The continuity test is one of the most useful tests you can perform using a multimeter. There are a lot of practical applications of the continuity function: identifying broken wires/cables, loose connections, faulty circuits, fuses and reverse engineering electronics circuits.
How do you perform a continuity test with a multimeter?
Set the multimeter in the continuity mode(sound symbol). Then, touch the ends of the wire or circuit under test with the multimeter probes in any order. If the multimeter produces a beep sound and displays a value very close to zero, then there is no break in the wire. The circuit is continuous in this case.
You can perform the continuity test using the resistance function as well. Both methods are explained in detail here.
|Multimeter Function||Circuit is continuous||Not continuous|
|Continuity||Beep sound||No sound(‘OL’)|
|Resistance||Close to 0. Bw 0 and 1Ω||Resistance> 1Ω|
Table of Contents
Why do we do a continuity test?
Continuity in a circuit means there is a continuous path for electric current to flow between two points with very low resistance in between. In other words, the circuit is closed, and there is no break in between.
In the image below, the fuse is intact as there is no break in between. Of course, there will be some resistance, but it is only a few ohms. That’s why we say there is continuity in the circuit.
In the second case, when the fuse is blown, the multimeter shows a very high resistance or OL(open loop). This means there is a break in the circuit, and we say there is no continuity. (More details on how to test a fuse here).
Using the continuity test, we can identify faults in switches, fuses, electrical connections, conductors, and other components. Essentially, this test helps ensure that connected points in a circuit remain connected while also identifying any unintended connections between points that should not be linked.
Steps to perform continuity test with a multimeter
There are two ways to test continuity using a multimeter. Either using the continuity mode or the resistance mode. Follow these steps for continuity function:
Step 1: Insert the red probe into the mAVΩ socket and the black probe into the COM port.
Step 2: Set the multimeter in the continuity mode. Use the rotary dial to select the function with the sound symbol. Some multimeters have diode test mode and continuity mode as a single function. Select the diode function with a diode symbol if you have such a multimeter.
Step 3: Touch the ends of the probes together. The multimeter should produce a beep sound, indicating the continuity. This means that the multimeter is in working condition.
Step 4: Switch off the power to the circuit. Take out the component under test from the circuit if possible.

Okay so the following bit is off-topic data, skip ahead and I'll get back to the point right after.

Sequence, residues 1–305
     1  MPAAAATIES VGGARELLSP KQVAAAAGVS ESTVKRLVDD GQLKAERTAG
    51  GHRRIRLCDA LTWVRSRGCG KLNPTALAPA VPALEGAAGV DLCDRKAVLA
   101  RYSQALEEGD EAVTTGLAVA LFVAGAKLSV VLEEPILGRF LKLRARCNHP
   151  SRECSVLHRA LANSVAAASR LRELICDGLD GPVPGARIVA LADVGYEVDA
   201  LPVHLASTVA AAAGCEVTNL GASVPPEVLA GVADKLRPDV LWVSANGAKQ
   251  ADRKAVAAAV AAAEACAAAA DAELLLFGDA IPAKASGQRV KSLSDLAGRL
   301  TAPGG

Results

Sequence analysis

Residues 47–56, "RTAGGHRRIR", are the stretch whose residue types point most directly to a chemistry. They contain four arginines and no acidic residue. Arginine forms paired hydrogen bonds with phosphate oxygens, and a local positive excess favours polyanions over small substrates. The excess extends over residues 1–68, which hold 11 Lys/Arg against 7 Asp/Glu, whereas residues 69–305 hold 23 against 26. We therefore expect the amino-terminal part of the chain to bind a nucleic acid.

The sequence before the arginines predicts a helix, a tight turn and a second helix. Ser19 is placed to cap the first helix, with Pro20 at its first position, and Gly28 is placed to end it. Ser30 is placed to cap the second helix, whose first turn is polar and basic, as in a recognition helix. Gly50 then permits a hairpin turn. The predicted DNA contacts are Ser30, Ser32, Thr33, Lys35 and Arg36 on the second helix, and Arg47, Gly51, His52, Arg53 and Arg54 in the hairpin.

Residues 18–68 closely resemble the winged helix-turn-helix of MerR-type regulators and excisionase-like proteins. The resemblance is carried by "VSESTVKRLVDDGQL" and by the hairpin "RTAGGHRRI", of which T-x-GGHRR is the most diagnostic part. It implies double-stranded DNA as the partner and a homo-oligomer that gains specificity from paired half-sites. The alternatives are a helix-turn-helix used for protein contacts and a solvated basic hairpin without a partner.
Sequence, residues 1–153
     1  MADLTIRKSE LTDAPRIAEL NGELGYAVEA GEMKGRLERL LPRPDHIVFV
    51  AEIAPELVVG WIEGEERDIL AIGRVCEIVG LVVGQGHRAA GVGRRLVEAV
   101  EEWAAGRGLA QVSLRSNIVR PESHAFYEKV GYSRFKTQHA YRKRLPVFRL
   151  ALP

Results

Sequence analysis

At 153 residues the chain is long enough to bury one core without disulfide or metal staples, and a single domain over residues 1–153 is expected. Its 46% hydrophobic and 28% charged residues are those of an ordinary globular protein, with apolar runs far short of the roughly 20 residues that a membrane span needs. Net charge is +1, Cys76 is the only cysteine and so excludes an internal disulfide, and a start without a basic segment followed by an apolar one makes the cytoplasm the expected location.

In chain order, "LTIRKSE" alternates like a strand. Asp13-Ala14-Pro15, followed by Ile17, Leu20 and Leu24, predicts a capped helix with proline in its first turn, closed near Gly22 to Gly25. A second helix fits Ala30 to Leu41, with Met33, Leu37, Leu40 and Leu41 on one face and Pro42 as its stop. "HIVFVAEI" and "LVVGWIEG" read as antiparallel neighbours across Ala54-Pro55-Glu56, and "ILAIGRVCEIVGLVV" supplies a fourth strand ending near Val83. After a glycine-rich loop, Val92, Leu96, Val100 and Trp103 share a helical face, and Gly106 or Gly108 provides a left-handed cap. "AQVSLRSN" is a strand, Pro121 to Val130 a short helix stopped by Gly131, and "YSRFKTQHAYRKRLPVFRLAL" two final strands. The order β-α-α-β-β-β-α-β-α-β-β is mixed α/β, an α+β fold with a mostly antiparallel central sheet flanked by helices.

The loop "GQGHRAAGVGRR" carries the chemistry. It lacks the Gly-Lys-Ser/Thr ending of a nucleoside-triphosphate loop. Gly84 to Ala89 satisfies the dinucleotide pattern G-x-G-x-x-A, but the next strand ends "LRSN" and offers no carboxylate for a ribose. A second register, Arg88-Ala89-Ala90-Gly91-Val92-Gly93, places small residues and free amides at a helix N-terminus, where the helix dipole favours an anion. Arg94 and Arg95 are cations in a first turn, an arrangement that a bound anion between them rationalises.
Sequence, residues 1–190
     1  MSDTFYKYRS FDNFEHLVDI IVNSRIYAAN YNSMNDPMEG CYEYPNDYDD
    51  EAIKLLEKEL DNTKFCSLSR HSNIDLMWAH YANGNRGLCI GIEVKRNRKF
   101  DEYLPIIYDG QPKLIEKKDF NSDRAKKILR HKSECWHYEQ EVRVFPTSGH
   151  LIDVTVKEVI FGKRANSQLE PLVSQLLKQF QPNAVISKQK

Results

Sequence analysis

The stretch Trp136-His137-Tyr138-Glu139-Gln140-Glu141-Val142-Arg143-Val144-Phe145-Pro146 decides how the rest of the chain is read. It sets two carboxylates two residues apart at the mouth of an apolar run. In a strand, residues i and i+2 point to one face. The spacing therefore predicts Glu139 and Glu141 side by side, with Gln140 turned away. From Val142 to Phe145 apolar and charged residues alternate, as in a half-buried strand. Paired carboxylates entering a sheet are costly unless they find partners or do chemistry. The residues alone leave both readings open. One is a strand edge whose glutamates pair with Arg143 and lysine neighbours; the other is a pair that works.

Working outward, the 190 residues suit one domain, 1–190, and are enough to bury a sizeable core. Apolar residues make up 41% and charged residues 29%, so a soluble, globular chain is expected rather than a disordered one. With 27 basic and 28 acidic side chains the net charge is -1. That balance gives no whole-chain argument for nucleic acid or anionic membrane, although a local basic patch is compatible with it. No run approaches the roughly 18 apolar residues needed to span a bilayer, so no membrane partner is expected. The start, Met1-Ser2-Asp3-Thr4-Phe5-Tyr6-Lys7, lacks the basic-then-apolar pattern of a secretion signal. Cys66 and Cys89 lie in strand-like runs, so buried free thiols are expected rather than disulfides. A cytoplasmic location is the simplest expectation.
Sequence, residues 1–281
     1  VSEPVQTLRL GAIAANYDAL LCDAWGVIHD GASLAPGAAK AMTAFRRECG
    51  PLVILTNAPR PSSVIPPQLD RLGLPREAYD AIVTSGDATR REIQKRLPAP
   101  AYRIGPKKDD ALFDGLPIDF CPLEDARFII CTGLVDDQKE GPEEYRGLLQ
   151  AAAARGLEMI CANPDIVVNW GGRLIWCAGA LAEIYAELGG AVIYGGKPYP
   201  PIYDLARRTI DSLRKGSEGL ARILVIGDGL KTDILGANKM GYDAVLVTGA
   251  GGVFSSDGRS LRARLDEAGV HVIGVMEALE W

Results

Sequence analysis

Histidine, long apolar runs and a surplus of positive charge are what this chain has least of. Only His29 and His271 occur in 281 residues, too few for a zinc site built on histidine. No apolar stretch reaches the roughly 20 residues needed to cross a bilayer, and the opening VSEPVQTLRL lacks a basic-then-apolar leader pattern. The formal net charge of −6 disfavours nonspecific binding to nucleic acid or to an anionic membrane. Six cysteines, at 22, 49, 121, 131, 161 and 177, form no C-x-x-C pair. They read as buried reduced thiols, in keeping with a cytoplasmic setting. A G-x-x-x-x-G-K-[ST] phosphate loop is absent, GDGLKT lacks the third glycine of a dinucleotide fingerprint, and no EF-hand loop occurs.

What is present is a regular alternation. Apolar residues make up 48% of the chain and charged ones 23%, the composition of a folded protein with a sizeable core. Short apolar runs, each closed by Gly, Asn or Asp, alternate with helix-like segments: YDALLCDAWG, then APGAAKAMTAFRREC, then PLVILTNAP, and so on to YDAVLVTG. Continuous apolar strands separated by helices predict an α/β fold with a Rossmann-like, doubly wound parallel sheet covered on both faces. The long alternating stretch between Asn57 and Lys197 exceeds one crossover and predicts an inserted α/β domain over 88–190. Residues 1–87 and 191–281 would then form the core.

Step 5: Touch one probe to one end of the component/wire and the second probe to the other end of the component/wire.
If there is no continuity, then the multimeter will not produce sound and display OL or Open Loop. This means the wire is broken or the component is faulty and needs to be replaced. If there is continuity, the multimeter will produce a beep sound.
Continuity mode also measures resistance but produces a beep sound when the value is less than a certain level. This level required to activate the beeper can differ between meters, but the majority will signal continuity when the resistance value falls within the range of 0 to 50 ohms.
How to test continuity using the resistance mode?
Set the multimeter knob to the resistance mode, usually represented with the (Ω) symbol. In the ideal state, the multimeter displays “1” or “OL”. Touch the probes together. The multimeter should display “0” in this case, indicating 0 resistance.
There are different resistance ranges on a multimeter, usually 200Ω, 2kΩ, 20kΩ, 200kΩ and 2MΩ. You must select the lowest range for accurate results(200Ω in this case).
Touch the ends of the component/wire with the probes just like before and note down the resistance value displayed by the multimeter.
If there is continuity and the wire/component is in good condition, the multimeter will display a resistance value close to 0 ohms. If there is no continuity and the component is faulty, the multimeter will display OL or Open Loop.
The resistance varies between load or non-load components. Components such as switches, thermostats, or fuses are non-load components that provide an unrestricted path for the electricity to pass through. These typically have a resistance reading between 0 and 1 ohms.
But components such as solenoids, motors, and heating elements are load components. They need a specific resistance value to function correctly, which is usually more than 1 ohm. So they require a different type of test for continuity.
About the Author
I am an electrical engineer by profession who loves to tinker with electronic devices and gadgets and have been doing so for over six years now.